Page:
What do you want to change through your life in this world?
From the moment I met my first two Schoenstatt women there was something about them that captivated me. They were charming, joyful and feminine, natural, and radiating peace. Both of them had known and were educated by Fr. Kentenich. Here were two women: a consecrated woman and the other, a wife and mother, so pure, so natural and supernatural at the same time, so sure of themselves, joyful, and believable. They were credible witnesses of a spirituality which equips women for their role in society. I told myself: I want to be able to give that lasting impression to others too. I would like to help other women reach that fullness in life. I would like to contribute to the education of women so that we reach a deeper confidence in what we have to offer society. These trustworthy examples helped me later to be at ease in a scientific world that demands, and rightly so, excellence, precision, hard work, discipline, truthfulness, but also intuition, empathy, and mercy. As a woman I can accept the challenge and educate myself and others to make that powerful contribution. Like the Blessed Mother, we women can be partners and collaborators with men in helping make the world not only better, but a true home for others. I can empower other women, help them find their inner beauty, share with them the tools I have received to come to a deeper knowledge of self. “Only she who knows herself can make a unique gift of self.” Then wherever I live, work, pray, and suffer, I can build a beautiful place – a Schoenstatt – within (many hearts) and in my surroundings.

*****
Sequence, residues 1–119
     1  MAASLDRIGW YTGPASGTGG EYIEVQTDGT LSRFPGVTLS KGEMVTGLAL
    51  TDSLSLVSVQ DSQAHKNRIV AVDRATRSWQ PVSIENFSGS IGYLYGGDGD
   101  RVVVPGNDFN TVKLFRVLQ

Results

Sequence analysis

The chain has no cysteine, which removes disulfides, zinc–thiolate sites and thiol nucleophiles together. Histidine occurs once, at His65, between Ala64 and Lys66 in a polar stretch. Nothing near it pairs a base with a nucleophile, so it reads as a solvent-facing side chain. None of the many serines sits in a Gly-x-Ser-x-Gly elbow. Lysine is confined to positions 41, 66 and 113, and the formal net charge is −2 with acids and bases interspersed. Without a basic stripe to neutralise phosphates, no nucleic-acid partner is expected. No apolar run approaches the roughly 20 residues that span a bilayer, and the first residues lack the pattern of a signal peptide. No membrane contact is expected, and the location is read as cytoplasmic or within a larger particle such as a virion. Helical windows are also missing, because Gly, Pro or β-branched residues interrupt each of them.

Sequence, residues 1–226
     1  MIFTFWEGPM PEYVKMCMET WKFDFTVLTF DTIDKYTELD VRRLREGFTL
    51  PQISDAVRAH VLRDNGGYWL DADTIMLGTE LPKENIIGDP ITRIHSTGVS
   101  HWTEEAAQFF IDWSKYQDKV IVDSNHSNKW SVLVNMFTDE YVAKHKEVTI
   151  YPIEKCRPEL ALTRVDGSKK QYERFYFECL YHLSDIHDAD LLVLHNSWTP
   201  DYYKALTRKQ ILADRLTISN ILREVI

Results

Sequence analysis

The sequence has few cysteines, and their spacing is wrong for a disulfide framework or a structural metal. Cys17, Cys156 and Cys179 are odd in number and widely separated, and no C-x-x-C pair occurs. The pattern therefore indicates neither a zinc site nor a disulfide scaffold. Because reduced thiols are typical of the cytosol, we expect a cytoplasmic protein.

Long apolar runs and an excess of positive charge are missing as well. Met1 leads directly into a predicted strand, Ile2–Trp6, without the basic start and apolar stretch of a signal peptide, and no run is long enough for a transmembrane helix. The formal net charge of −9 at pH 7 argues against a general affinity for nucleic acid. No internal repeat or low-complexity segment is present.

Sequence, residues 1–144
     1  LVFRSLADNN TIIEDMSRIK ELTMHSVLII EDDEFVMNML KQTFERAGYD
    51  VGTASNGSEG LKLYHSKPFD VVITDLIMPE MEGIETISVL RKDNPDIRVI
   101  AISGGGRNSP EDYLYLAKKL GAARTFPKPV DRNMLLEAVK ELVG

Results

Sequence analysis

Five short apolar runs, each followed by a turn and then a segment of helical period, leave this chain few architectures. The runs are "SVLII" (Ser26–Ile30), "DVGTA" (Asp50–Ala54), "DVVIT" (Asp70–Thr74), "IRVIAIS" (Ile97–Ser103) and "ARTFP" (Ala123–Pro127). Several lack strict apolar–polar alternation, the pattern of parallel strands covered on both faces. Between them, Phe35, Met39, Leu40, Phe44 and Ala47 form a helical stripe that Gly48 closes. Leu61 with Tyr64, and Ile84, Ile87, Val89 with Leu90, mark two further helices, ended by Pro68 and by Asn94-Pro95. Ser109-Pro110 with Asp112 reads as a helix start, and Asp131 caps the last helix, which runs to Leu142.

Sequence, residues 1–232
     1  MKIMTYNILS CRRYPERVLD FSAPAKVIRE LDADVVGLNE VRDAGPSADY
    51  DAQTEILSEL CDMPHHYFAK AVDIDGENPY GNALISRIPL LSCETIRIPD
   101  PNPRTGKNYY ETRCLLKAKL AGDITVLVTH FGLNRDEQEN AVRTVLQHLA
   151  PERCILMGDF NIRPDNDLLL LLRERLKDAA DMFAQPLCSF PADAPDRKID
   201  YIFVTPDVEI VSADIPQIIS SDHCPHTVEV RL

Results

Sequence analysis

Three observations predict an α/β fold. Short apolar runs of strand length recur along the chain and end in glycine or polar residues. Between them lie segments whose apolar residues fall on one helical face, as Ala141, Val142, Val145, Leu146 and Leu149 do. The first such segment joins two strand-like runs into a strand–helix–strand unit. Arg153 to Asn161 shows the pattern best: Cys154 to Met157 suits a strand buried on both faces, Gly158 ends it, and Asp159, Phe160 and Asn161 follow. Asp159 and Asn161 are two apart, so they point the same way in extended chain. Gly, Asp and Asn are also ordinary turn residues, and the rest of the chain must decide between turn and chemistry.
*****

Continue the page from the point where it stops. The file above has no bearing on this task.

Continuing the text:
Sister M. Nancy’s “office shrine” at the Pontifical Catholic University of Puerto Rico.